“You must get well so that our People may live, and so that your children can grow up knowing peace.” His words were raspy and drawn out. The Life that gave Yanisin words was leaving him.
It was just then that Feather Belt, Healer, and the Chief all rushed into the hut. They began yelling at Yanisin; Feather Belt grabbed him, Healer pushed him out of the way to get to the girl, and the Chief stood at the entrance of the hut wiping at the tears in his eyes, unsure of what to make of the scene.
“Who are you? What are you doing to Abequa?” Feather Belt asked.
Yanisin’s fists were clenched in agony, his eyes rolled about his head as he was jostled about roughly.
“What?” Feather Belt demanded after seeing Yanisin’s lips move but hearing no sound.
Yanisin’s lips began to move again and so Feather Belt knelt down to listen.
“You must get well so that our People may live, and so that your children can grow up knowing peace.”
“My Chief! Her fever is lower,” the Healer said, gesturing for the girl’s father to come closer. He grasped his daughter’s unclenched hand and rubbed it against his own rough cheek.
“Please come back to us, Abequa, please” he blubbered.
“What are you talking about, you little Utic maggot? Answer me!” Feather Belt slapped Yanisin’s cheek harshly, the noise echoing through the hut. But he did not respond.
“Shut up you fool!” the Medicine Man shouted to Feather Belt. The hut was instantly silent.
“Papa?” Abequa’s voice was dry and rough, her lips barely moving as she spoke. But once words returned, her eyes flickered and flapped like butterfly wings until she was able to keep them open and focus her gaze.
When Yanisin was given back to Mother Earth, he was placed at the boundary line between the Utic and the Topia lands. Both Chiefs had agreed that this was the only suitable place for such a heroic little boy to be buried, for his courage and sacrifice transcended either clan singly, and had prevented unnecessary casualties on both sides as well as giving the Topia Chief his daughter back.
The Healer’s dream was fit with Yanisin’s final words and woven into a tale of uncommon valor and sacrifice that was transported up and down the trade routes by the merchants that traded goods from clan to clan.
Although no one seemed to get all the accurate details of the story just right, they nevertheless all included a final prologue to the story that stated once Abequa was well enough to walk a distance, she insisted that she meet the parents of the boy who had healed her. Her father the Chief remained overly concerned for his daughter’s well being after having come so close to losing her.
“When you are a little stronger,” he would tell her every time she asked.
Eventually Abequa grew restless and set out one evening after her father had gone to sleep. She was determined to express her gratitude for Yanisin’s sacrifice to his parents, and to visit and lay flowers at his grave.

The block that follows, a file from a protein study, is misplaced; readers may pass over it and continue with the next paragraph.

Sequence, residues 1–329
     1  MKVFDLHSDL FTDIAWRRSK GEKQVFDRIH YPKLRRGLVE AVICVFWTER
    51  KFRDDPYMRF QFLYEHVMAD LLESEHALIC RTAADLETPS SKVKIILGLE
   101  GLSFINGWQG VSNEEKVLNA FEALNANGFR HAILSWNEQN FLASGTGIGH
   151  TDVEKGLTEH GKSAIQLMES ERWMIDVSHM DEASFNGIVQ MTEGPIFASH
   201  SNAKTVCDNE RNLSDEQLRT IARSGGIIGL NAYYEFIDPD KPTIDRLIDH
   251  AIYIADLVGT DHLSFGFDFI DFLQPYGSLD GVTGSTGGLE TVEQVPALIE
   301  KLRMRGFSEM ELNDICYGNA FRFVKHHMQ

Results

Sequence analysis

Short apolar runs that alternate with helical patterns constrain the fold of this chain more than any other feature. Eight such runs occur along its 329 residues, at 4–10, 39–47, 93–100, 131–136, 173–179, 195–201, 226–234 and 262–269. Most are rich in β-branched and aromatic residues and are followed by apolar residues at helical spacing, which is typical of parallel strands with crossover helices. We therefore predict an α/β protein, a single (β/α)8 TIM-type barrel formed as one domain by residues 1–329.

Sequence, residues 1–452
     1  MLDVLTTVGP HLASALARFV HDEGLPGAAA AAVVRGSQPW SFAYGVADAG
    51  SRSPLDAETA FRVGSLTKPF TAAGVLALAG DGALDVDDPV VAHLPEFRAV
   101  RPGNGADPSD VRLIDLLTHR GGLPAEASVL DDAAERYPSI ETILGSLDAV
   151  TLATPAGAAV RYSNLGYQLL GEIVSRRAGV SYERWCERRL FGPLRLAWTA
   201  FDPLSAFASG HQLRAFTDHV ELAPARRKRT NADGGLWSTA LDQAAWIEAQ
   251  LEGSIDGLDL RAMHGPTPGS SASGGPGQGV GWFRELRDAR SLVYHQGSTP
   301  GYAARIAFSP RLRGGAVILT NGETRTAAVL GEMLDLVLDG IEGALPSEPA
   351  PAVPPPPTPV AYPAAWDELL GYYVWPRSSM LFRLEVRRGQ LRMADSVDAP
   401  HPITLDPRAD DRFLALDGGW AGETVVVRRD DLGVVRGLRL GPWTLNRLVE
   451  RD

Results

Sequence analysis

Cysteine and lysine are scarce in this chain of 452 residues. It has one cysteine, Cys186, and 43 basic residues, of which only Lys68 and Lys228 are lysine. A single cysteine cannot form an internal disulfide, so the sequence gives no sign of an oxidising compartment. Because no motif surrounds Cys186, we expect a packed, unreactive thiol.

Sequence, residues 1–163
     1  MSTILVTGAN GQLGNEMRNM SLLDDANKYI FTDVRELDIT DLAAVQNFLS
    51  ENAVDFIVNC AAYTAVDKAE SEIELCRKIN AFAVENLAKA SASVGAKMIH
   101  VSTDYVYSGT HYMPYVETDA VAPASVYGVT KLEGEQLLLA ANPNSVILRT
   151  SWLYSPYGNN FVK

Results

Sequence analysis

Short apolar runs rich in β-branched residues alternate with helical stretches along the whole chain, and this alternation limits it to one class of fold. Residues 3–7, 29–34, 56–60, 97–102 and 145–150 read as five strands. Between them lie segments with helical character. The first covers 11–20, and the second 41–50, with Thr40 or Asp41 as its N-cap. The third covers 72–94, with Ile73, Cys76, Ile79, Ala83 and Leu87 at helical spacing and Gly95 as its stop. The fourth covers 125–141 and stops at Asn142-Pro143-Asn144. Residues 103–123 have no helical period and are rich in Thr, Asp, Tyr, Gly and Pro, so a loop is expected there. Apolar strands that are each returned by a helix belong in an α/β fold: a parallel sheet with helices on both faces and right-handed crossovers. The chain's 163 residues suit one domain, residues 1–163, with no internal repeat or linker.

In secret she had gathered a bouquet of wild Tulips and Daisies, and had woven a tidy little sheath for the stems, and as she made her way to the edge of the Topia land, she began to look for the bowls of burned incense that should have been left near Yanisin’s burial place. Along the way, she picked more wild flowers she passed and added them to the wrap she had made from tall grasses. Adequa hadn’t seen any of the offering bowls, but scurried anxiously towards a flower she had never seen in the forests before.
It was an odd looking flower; it had five long, narrow pedals that were an almond color and arranged not evenly around the center but rather with the petals gathered toward one end. Like a hand. It was then that she noticed a collection of small little clay bowls, partly hidden by the falling leaf litter. She realized she was know kneeling above Yanisin’s grave. Crying, she set the flowers down in front of her and patted the earth in front of her. She spoke words to Yanisin that he would not have understood; words which were familiar, but different still.
After her journey, Abequa took her clan’s Medicine Man to look at the strange flower that grew from the earth that housed Yanisin. After studying it, the Healer carefully dug and cut away a part of the root section to take back with him. He hoped to grow another of this plant, for he had likewise never seen anything like it.
In time, the Healer’s plant grew and started to blossom. Every evening the hand-shaped flower would close up, as if making a fist, and every morning it would open, into a gentle cupping shape. The root became prized for its healing properties, and, like the tale of Yanisin’s healing hands, Yani, the plant of peace and healing, was spread from People to People all along the trade route.